Some are unable to upload the music at all, others are having a hard time accessing uploaded tracks while offline. Some report state that their original bought tracks are replaced by bad copies. Also, users can’t edit metadata which leads to more issues.
Google is supposedly taking notes and trying to improve the service significantly before Google Play Music is no more. But it’s not working at the moment, although they brought more changes in recent months than in 2 prior years.
For the time being, we have a few suggestions to help you upload tracks to YouTube Music. Here’s what you can try:
2. Downloaded tracks won’t play
In comparison to Spotify, YouTube Music is doing quite a mediocre job when it comes to offline playback of downloaded tracks. This applies to the Premium subscription of those respective services.
Yes, there’s the Smart Downloads option that can come in handy. Still, there’s no consistency as tracks are, seemingly, interchangeable so you’ll get a cover of an original song or a different track altogether.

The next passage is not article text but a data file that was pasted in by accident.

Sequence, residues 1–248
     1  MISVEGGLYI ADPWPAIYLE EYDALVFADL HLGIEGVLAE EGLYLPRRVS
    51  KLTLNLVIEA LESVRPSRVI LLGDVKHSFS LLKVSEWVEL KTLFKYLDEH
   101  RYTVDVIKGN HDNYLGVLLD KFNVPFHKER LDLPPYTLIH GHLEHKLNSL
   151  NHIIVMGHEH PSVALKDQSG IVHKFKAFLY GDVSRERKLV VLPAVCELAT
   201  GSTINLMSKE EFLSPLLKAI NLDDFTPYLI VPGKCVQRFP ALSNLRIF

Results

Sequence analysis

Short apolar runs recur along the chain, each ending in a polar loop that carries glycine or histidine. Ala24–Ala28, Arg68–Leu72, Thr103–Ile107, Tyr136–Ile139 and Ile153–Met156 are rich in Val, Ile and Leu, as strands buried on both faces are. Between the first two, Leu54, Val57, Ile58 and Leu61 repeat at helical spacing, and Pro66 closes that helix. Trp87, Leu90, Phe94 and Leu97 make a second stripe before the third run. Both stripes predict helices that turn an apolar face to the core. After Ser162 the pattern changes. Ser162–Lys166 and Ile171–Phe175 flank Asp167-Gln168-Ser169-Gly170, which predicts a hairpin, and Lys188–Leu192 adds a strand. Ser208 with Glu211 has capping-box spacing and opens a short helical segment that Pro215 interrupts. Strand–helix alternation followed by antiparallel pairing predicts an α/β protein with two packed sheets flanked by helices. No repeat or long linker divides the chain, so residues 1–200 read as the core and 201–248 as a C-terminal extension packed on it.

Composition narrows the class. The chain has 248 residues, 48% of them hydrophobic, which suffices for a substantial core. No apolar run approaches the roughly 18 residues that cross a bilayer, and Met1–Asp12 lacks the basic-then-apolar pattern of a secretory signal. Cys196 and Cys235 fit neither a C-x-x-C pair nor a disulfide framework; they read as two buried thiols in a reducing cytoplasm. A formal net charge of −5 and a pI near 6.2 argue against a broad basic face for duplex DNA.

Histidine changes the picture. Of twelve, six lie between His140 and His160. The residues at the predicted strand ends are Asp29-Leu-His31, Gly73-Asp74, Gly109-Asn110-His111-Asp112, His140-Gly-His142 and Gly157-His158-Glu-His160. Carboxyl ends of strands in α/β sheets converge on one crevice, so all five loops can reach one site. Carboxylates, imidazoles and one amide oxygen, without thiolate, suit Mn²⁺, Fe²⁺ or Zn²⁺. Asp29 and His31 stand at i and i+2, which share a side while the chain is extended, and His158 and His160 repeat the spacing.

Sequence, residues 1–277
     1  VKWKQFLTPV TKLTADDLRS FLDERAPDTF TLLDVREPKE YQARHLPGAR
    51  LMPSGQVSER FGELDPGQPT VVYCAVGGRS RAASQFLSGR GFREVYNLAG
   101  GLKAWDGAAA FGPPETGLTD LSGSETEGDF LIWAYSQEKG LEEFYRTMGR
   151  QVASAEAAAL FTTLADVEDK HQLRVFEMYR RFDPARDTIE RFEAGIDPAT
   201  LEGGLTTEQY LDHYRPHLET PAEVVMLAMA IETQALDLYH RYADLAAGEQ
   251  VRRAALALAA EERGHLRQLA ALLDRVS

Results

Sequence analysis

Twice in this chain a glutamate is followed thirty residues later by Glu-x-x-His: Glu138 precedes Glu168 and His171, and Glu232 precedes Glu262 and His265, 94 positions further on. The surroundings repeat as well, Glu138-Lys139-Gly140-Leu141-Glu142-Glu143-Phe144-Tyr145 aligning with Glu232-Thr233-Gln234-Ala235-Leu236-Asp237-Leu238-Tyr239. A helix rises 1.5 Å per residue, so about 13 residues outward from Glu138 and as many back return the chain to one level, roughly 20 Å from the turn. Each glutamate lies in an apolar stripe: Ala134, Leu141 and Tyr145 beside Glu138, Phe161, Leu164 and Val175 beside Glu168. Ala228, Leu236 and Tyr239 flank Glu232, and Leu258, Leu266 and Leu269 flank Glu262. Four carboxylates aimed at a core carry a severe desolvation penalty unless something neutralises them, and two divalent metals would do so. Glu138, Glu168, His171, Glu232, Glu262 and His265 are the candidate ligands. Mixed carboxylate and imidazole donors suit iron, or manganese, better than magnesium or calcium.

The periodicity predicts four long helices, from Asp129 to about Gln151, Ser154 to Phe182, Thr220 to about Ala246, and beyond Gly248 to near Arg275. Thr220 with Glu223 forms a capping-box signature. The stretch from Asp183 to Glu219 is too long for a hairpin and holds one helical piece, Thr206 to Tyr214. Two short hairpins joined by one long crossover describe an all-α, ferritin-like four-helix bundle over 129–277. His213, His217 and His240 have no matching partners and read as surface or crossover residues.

Strange, considering YouTube Music should have a larger music base than Google Play Music. It might, but it lacks the simplicity and punctuality of the beloved GPM.
Now, it seems that some users can’t play downloaded tracks. This issue is not as common and not an underlying problem as it’s probably individual. Firstly, make sure that Storage permission is granted to YouTube Music.
Alternatively, you can delete all downloaded tracks and try downloading them again. Finally, reinstalling the app might help, as well (if the previous steps failed).
3. The app crashes
The instability of a Google app on a Google-powered OS is completely intolerable. Reports state that YouTube Music is crashing for some, while its perma-loading for others even with a stable internet connection.
If this seems to be the case for you, make sure to update the app or reinstall it. This will delete all downloaded tracks but, don’t worry, the app keeps track of them so they’ll be auto-downloaded the next time you install the app and sign in.
4. Google Cast not working
Being unable to cast uploaded tracks if you are not a paying customer is another distinction from OG Google’s music service. Sadly, even premium users are unable to use casting to smart speakers, as Google Cast is unstable and not even remotely (no pun intended) close to Spotify Connect.
For starters, you need to assure that your Wi-Fi network is shared by both devices and that your handset has permission to cast. Other than that, we can only suggest rebooting both your handset and the speaker and trying again.